Army sees big pay off from field integration test

Military service schedules three more tests

The Army’s modernization process includes strategies that ensure that when warfighters get equipment, it’s up to date and can easily be integrated with the existing communications infrastructure. The Army recently ran its first large-scale field integration test, the Network Integration Evaluation (NIE), which was so successful that three more tests are already scheduled.

Some of the observations from that exercise were discussed during a LandWarNet 2011 panel, “Delivering the Network to the Tactical Edge — A New Way of Doing Business” Aug. 23. Maj. Gen. Mark Bowman, who directed the NIE, opened the panel by discussing some of the rationales behind the operation.

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“Many people said we shouldn’t test the equipment before it was ready, but we need to settle for 70 percent to 80 percent solutions and improve it,” said Bowman, who is director of the architecture, operations, networks and space directorate at the Army CIO.

“They also said we were spending millions of dollar on the NIE, but one group said they saved $5 million by doing this all at once. If we spot a program that needs to be changed to help warfighters, the payback will come for years,” Bowman continued.

Among the NIE’s goals were ensuring that equipment is ready to use in the field. In the past, some programs sent to warfighters have not been ready to integrate, so personnel in the field had to figure out how to deploy the gear effectively.

“In the past, we did everything in individual programs, nothing was synchronized. In the NIE, we did our tests in one place to make sure everything was integrated,” said Col. John Morrison, director of the Army’s LandWarNet-Battle Command Directorate.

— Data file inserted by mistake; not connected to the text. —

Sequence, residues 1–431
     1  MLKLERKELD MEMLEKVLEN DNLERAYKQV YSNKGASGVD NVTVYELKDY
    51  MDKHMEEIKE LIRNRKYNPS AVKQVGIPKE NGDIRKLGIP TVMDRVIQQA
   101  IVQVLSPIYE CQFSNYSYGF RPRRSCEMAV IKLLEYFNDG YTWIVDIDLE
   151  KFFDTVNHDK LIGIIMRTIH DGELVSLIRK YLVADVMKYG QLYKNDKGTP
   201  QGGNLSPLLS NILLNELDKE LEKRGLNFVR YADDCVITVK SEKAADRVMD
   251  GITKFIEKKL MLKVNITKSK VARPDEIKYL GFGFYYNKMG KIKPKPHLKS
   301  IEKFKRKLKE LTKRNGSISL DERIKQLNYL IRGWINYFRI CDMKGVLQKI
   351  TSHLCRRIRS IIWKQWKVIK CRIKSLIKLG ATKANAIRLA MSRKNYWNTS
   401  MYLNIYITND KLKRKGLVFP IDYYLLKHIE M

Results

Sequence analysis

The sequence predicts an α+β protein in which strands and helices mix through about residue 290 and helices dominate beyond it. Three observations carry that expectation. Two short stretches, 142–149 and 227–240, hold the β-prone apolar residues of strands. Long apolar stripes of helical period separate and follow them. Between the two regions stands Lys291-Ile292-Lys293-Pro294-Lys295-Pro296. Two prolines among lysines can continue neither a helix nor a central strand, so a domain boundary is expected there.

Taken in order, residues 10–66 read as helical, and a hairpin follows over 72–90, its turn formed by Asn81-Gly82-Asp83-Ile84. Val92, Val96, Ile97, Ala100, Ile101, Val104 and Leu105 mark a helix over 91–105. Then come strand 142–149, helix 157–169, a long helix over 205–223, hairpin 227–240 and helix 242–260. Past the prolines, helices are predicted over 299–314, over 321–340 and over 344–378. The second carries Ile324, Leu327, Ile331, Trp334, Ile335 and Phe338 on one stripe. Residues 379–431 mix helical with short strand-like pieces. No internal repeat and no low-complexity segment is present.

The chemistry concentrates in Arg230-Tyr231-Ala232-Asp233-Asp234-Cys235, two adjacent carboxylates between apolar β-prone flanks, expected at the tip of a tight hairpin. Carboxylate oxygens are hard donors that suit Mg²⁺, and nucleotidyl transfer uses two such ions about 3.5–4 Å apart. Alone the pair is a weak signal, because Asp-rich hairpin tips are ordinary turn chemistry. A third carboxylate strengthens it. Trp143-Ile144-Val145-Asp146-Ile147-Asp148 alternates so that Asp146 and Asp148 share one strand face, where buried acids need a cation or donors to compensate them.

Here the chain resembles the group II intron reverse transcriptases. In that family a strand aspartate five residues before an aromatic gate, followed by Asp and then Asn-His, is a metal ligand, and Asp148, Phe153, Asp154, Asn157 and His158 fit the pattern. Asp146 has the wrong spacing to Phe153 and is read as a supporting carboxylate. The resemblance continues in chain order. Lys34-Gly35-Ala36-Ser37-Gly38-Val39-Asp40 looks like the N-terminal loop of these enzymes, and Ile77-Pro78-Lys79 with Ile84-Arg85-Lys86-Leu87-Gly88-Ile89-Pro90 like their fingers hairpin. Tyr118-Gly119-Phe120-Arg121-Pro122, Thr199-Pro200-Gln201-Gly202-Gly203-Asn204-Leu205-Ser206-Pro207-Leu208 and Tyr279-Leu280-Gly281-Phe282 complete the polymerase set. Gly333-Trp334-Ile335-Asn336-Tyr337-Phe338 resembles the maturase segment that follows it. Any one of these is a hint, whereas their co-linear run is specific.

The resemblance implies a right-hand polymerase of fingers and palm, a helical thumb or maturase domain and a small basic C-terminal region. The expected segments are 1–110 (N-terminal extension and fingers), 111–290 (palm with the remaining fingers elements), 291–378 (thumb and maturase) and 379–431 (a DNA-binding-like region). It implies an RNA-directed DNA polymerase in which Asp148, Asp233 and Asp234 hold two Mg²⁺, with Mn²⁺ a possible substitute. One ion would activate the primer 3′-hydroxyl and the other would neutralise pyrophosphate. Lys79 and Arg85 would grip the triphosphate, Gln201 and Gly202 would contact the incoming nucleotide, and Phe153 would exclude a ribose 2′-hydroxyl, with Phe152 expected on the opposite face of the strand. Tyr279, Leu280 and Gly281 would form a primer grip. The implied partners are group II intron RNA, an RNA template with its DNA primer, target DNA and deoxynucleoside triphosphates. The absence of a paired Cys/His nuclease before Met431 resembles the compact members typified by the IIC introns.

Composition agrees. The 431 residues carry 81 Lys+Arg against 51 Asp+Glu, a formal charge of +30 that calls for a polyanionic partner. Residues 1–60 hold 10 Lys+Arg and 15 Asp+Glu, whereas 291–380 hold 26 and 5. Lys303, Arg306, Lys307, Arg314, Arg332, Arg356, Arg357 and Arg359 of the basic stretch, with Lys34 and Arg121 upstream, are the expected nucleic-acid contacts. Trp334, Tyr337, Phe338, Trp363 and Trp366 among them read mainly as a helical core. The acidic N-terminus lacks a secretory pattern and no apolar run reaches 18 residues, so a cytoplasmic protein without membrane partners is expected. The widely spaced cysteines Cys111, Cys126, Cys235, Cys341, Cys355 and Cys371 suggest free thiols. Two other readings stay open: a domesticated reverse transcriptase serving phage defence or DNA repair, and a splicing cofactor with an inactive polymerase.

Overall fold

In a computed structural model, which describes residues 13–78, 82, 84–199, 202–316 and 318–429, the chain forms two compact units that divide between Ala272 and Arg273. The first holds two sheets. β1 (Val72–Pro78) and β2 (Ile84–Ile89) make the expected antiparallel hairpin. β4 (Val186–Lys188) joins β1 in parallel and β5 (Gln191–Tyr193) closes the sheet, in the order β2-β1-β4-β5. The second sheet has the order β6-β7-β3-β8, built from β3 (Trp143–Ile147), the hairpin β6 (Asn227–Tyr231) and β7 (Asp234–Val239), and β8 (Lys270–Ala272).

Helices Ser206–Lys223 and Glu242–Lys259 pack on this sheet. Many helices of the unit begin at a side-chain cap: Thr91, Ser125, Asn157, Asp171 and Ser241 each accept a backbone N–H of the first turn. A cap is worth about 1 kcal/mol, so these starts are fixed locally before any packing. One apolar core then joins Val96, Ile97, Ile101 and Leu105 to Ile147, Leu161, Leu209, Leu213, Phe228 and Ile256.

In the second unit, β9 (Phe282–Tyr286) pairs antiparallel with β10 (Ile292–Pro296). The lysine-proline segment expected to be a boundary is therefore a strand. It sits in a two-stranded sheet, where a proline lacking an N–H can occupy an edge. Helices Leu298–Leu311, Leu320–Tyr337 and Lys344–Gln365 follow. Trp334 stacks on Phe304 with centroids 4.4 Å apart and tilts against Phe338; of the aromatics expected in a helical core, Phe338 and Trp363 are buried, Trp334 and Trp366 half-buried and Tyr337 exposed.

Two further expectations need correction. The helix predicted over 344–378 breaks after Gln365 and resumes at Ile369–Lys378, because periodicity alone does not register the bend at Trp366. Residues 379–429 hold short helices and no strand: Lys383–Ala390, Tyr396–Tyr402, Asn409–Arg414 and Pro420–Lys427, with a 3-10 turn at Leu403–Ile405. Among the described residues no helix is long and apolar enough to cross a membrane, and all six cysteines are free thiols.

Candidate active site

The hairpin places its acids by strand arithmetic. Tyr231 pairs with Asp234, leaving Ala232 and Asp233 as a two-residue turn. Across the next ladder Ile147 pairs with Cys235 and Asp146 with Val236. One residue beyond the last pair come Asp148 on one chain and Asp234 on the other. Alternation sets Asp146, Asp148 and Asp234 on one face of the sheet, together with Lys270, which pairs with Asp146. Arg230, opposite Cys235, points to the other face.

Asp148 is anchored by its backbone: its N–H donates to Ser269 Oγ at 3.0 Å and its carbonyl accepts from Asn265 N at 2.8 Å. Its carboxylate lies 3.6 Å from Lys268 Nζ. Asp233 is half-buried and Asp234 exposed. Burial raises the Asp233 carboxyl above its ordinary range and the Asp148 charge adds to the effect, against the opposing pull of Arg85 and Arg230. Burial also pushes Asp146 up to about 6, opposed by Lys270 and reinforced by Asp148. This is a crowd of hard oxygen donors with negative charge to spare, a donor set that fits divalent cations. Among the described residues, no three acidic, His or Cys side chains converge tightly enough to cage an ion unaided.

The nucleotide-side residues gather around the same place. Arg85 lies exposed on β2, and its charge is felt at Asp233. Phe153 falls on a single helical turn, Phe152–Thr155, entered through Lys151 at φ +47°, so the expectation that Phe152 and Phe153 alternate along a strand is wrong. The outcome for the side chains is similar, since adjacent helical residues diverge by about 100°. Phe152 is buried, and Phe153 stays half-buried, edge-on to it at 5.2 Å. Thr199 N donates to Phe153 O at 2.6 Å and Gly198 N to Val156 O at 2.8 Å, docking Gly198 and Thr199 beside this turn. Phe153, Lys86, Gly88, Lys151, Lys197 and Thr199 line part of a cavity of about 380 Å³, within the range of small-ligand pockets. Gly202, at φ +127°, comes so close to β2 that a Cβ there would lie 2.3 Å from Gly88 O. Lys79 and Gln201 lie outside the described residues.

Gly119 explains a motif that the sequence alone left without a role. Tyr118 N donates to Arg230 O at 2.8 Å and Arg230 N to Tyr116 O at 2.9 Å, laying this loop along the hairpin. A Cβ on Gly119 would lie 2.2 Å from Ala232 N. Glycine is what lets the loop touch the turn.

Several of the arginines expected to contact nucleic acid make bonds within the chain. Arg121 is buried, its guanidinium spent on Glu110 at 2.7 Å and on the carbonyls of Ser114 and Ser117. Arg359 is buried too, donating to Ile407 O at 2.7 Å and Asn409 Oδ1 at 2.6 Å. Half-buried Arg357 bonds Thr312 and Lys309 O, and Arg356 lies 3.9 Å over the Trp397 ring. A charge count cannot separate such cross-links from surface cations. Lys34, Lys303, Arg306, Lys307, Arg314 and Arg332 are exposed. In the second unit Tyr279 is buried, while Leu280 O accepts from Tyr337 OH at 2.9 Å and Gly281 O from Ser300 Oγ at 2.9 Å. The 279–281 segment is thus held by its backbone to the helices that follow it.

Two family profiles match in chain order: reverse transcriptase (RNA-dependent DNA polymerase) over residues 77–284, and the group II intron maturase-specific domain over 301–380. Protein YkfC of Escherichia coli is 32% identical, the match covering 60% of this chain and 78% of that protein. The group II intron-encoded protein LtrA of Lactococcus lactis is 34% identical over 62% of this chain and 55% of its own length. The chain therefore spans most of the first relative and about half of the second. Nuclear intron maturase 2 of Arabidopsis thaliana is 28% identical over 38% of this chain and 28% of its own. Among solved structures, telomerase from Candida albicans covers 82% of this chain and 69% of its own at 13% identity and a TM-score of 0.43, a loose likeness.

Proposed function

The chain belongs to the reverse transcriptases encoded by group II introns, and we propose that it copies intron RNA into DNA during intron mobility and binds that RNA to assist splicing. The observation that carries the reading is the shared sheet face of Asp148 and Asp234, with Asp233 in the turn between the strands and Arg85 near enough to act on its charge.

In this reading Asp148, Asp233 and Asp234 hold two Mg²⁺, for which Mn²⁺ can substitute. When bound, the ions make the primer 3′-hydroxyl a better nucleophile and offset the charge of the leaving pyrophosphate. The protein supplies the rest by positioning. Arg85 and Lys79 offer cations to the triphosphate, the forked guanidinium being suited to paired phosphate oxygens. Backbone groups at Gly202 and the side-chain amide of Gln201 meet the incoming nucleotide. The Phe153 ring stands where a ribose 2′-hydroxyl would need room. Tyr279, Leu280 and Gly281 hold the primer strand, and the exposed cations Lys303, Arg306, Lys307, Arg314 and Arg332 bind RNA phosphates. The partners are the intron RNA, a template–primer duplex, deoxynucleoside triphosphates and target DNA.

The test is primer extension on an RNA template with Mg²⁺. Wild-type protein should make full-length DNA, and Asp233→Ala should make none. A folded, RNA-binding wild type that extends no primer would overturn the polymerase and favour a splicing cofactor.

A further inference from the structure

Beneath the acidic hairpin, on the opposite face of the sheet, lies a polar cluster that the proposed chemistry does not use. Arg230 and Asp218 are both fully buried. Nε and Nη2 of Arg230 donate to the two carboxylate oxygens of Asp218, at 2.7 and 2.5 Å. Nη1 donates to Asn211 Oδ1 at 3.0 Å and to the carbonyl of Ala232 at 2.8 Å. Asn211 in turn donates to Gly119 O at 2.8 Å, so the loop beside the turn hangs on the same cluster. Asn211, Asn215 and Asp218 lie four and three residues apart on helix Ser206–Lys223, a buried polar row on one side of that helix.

He noted that for the military to continue to stay ahead of its adversaries, industry will need to play a key role. This was a common theme throughout the conference in Tampa, Fla.

“We get to bring industry in, that’s absolutely critical,” Morrison said. “We want to focus your [research and development] dollars into technology we can use.”

The actual operation has been in the planning for quite some time. The Army’s goal was to create a realistic situation where it could find out what worked and what needed more work.

“The 12,000-square kilometers where we did the test pretty much mirrors the landscape of Afghanistan,” said Col. Dan Pinnell, commander of the 2nd Brigade Combat Team, 1st Armored Division.

The leaders touched on some of the issues that need to be worked out. Along with the weight of the equipment, they noted that electronics can be “seen” by foes.

“If we’re going to hang equipment on our young soldiers, we’ve got to realize that every one of those systems is an emitter,” Pinnell said. “Adversaries can take a 1992 computer and get a good idea of where our forces are.”

The proposed rapid pace of change also raises questions about making sure that warfighters know how to effectively use the equipment. “One challenge is how to train and sustain proficiency once we get a number of systems out there,” said Brig. Gen. Randal Dragon, commander of the Army Brigade Modernization Command.

About the Author

Terry Costlow is a contributing writer for Defense Systems.

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